Commentary: Criminal justice system — victims need not apply

For the better part of 20 years, I had the honor of serving thousands of victims of violent crimes in Snohomish County — child sexual assault victims, adult domestic violence vicitms, adult and juvenile assault victims, and families of homicide victims. I served as a community mental health clinician, a Snohomish County Prosecutor’s Office victim/witness advocate, and most recently as the domestic violence coordinator in the Edmonds Police Department. Although it was a very difficult decision for me, I left my position in January 2022. I loved my job, and the people — survivors, law enforcement officers, prosecutors, probation officers, mental health counselors, community advocates — with whom I had the pleasure to work, but the professional reasons that led to my resignation have only become more concerning. Since my departure, the law firm who contracted prosecution services to the city for decades also severed their contract with Edmonds.

Washington State has historically been a trailblazer when it comes to crafting and recognizing crime victims’ rights. However, as societal and cultural norms often do, the pendulum has swung, and it has done so dramatically. We went from evolving out of a time when domestic violence was considered to be a“private, family matter,” to knowing better and doing better; recognizing that domestic violence affects us all, and that we must speak up and reach out to help victims suffering, often silently. We evolved from a place of not talking about childhood sexual assault, to creating safe spaces to ensure that children know it is not their fault, and there are adults who will stand up for them.

We learned that not intervening, and turning a blind eye, was only perpetuating violence and mental health issues against (usually) women, children, family pets and future generations. We learned that survivors were often too afraid or too psychologically manipulated by their abusers to speak up or ask for help. We learned that speaking up on behalf of victims was sometimes the only way to ensure their safety. This knowledge and practice of advocating for crime victims was something that I was proud to be a part of in my various positions throughout Snohomish County. However, for the past few years, crime victim service providers have been faced with the development of an appalling culture of prioritizing alleged and convicted offenders’ feelings and comfort over their victims. For the first few hundred years of our criminal justice system, it was one thing not to acknowledge that victims should have a voice in the judicial process regarding the crime that often dramatically and directly impacted their lives. Today, it is quite another to know that those victims exist, know that there is a Victims Bill of Rights (RCW 7.69.030), and still try to disregard the victims’ voices, experiences and traumas. Again, if you know better, you must do better. We do, in fact, know better, but we are failing our victims.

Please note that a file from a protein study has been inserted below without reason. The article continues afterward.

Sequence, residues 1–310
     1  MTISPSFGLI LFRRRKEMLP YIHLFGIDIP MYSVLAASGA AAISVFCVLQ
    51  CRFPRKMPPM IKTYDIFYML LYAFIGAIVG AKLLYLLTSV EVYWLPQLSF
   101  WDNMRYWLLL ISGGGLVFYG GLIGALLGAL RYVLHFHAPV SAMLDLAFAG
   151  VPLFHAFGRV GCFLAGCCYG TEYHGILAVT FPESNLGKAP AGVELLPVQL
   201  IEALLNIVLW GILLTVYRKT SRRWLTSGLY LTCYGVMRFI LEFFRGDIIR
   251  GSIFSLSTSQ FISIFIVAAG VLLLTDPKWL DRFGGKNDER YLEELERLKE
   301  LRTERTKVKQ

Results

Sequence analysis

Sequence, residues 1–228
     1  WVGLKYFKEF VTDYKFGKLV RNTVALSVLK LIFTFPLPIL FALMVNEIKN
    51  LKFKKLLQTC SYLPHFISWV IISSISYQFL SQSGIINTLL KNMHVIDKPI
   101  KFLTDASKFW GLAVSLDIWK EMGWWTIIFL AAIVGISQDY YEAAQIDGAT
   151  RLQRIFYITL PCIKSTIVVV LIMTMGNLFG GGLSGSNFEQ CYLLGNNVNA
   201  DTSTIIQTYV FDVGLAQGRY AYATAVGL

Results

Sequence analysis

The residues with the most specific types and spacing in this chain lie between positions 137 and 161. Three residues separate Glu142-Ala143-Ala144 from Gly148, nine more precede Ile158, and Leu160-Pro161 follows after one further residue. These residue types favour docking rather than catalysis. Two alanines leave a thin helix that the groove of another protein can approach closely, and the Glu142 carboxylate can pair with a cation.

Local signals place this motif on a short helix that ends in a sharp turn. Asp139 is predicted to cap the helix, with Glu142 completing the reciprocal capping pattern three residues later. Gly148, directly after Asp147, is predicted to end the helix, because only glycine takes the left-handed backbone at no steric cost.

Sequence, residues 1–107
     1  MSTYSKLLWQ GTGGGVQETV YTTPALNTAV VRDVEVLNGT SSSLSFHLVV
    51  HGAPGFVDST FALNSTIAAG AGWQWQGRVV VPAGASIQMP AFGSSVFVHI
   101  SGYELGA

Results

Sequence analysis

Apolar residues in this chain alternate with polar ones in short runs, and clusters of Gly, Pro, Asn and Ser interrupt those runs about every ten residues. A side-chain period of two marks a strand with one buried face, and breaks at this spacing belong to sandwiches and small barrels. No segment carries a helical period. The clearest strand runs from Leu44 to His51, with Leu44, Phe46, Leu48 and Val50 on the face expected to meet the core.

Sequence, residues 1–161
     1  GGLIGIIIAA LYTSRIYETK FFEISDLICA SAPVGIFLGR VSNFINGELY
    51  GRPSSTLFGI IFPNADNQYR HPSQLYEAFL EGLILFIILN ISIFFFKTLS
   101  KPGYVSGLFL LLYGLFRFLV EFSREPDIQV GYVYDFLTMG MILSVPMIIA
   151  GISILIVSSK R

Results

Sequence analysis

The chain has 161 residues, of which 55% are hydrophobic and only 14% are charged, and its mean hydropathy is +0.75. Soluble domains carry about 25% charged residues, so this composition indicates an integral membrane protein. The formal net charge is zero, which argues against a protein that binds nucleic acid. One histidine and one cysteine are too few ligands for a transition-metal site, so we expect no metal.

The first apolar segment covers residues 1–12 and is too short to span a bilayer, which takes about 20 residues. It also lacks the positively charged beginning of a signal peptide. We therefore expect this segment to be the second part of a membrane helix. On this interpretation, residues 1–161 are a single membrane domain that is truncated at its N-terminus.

I became more concerned with the lack of accountability for alleged and convicted offenders in my jurisdiction (despite grave safety concerns): No-contact orders no longer being issued in domestic violence cases, people charged with violent offenses being released without bail, no jail or treatment requirements for convicted offenders, no courtroom consequences for charged individuals violating their conditions of release, no requirement for a charged individual to show up for court (virtually or otherwise)). I raised my concerns up the chain of command, as well as directly to the other professionals in the court system (judge and public defenders). I made a plea for everyone to return to a place of working collaboratively, respecting each other’s different roles and goals, but to also be aware of the lethality issues we face in not taking domestic violence cases seriously. I spoke about losing a victim of domestic violence to homicide,and how I didn’t want any of us to experience that again. I was met with stony silence, and only one response…although I had been making general comments about “victims” and “offenders,” one public defender simply said, “I find it offensive for you to refer to them as offenders. They are clients.”

After months of frustration, the takeaway for me, and the clear message being sent by the judge and the public defenders, was that the only people being considered in the criminal justice process were the criminals — their housing, finances, employment and general well-being. I was told that I was overstepping by recommending no-contact orders be issued when the victims were not requesting one (again, a long-standing practice in our region because we know that victims are afraid for their lives to speak out against their abusers). When advocating that we prioritize the safety and emotional well-being of a victim and her/his children over the alleged offender, the judge said that she would not prevent the alleged offender from returning home, as he may not have another place to stay. In other words, if the victim wanted to feel safe, she would need to find another place to stay.

For decades, I have told my victims and their families, “It is called the criminal justice system for a reason. The criminals have all the rights, and you will not feel like this process is fair.” I know this, and I don’t expect any different. I also know that serving a population who has been harmed (oftentimes by a family member or loved one), frequently made me the person to whom anger, fear and aggression was directed. I am used to that. I am OK with being the “bad guy” who is trying to keep victims safe, and who wants to see them be survivors. However, it is unacceptable to me for the very people with whom I was working in the criminal justice system to not recognize that my role was to speak up for victims and try to fight for their safety. Interestingly, the concept of gaslighting is a well-known tactic by domestic violence abusers. They make their victims feel like they are crazy, that they are the problem, and that their fears, concerns, grievances, experiences aren’t real. The criminal justice culture (locally and nationally) has become one that gaslights victims, their service providers, and law enforcement officers by telling us that we are the problem, and that offenders need more freedom and forgiveness. Remember, it is the criminal justice system — victims need not apply.